SAN FRANCISCO — Late in the season, after watching his team lose yet another game to the Dodgers, Bruce Bochy pulled up some Shohei Ohtani clips on a laptop and spent a few minutes watching the two-way star. The highlights brought a smile to Bochy’s face even as the Dodgers celebrated a division title a few hundred feet away.
Two months later, the Giants — along with 29 other teams — will finally get their shot at the 23-year-old who throws 100 mph on the mound and hits mammoth homers in his spare time. Ohtani was officially posted on Friday when a new agreement was reached between Major League Baseball and Nippon Professional Baseball. He can negotiate with MLB clubs until 11:59 p.m. on Dec. 22.
It’s unclear what exactly Ohtani is looking for in a future home, and the Giants, per multiple sources, have gotten no indication that they are or are not in the running. But they have taken the chase seriously, with Bobby Evans and assistant GM Jeremy Shelley scouting Ohtani in Japan in September and team officials spending much of their offseason preparing a recruiting pitch.
Bochy has watched a lot more film and pored over scouting reports since September. His first impression of Ohtani hasn’t changed at all. If anything, he is more convinced than before that Ohtani could be a frontline starter and play a corner outfield position multiple times a week.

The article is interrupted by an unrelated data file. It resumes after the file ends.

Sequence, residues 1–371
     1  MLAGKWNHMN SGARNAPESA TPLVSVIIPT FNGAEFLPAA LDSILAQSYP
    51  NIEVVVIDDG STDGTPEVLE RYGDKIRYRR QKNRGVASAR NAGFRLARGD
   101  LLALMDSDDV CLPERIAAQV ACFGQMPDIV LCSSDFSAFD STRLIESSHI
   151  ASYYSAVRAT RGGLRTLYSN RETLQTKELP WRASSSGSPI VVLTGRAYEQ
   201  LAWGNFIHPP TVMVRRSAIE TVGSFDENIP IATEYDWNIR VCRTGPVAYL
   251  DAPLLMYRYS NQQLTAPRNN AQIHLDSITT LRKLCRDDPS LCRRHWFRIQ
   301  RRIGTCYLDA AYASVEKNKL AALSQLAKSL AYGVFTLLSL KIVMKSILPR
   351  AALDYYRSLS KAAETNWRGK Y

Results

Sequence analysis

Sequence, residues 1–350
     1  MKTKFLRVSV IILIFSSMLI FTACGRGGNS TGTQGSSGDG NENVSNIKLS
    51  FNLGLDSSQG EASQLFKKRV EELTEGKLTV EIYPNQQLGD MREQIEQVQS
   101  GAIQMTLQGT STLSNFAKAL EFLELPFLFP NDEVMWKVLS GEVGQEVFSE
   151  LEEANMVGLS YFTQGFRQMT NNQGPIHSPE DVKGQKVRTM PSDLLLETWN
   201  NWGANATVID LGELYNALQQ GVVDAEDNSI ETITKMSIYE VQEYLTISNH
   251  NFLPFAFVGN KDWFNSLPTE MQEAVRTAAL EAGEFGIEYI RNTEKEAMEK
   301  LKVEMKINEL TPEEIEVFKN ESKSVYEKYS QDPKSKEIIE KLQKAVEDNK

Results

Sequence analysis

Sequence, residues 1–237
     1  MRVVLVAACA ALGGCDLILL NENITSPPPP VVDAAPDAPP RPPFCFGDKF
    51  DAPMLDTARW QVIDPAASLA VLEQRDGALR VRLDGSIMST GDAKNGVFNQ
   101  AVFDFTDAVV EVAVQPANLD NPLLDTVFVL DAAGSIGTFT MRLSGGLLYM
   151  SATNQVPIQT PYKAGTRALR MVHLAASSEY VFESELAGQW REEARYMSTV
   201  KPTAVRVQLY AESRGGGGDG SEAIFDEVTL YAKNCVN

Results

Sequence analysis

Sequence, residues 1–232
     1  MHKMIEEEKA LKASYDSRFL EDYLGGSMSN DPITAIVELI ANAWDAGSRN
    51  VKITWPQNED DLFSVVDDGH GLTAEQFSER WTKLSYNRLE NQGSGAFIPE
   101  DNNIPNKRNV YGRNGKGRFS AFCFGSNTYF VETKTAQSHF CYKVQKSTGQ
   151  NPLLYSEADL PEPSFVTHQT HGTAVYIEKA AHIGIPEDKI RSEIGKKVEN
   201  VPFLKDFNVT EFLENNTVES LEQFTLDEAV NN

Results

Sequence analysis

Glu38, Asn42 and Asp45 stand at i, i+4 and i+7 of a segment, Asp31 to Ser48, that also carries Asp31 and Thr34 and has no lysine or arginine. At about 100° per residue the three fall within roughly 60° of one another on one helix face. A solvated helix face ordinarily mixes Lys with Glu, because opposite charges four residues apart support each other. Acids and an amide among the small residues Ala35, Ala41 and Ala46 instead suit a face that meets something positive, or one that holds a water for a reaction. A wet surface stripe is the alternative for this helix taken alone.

“This guy is special,” Bochy said on Friday, shortly after Ohtani was posted. “I see him as somebody who could be a starter and it’s possible you’re also looking at 300 or 400 at-bats. It’s going to make it a little easier next year with our days off, looking at the new schedule, to where he could play even more because he’ll get that additional rest. That’ll make it easier, too.”
The new CBA calls for an expansion of off days, from 21 to 25, and interested teams are said to be mapping out prospective schedules for Ohtani. With four veteran starters already, along with Chris Stratton and Ty Blach as swingmen, the Giants would seem well-positioned to manage Ohtani’s initial workload as a pitcher. He would not be blocked in the outfield on a team desperate for power, and Bochy has shown with Madison Bumgarner that he has no concerns about giving pinch-hit at-bats to a pitcher who can hit. Bochy said he could see Ohtani playing the outfield on the days after starts and then spending the day or two before his next start preparing to pitch.
The workload would be unprecedented in modern baseball and nobody truly knows if Ohtani can actually make it work. It’s clear, though, that teams will have to let him try in order to be in the running. Ohtani is potentially giving up hundreds of millions by coming over at the age of 23, but he wants to test himself against the best in the world. On talent alone, he appears ready to give this a shot.
“He’s got a great swing,” Bochy said. “We all know he has a great arm and he’s got the equipment to be a No. 1 starter, but the overall athleticism is what’s so impressive with this guy. He’s got a great arm but he runs well and he’s a good outfielder with a nice swing. He’s got plus power and great plate discipline. You can tell it’s a swing he’s worked hard on. It’s a beautiful swing.”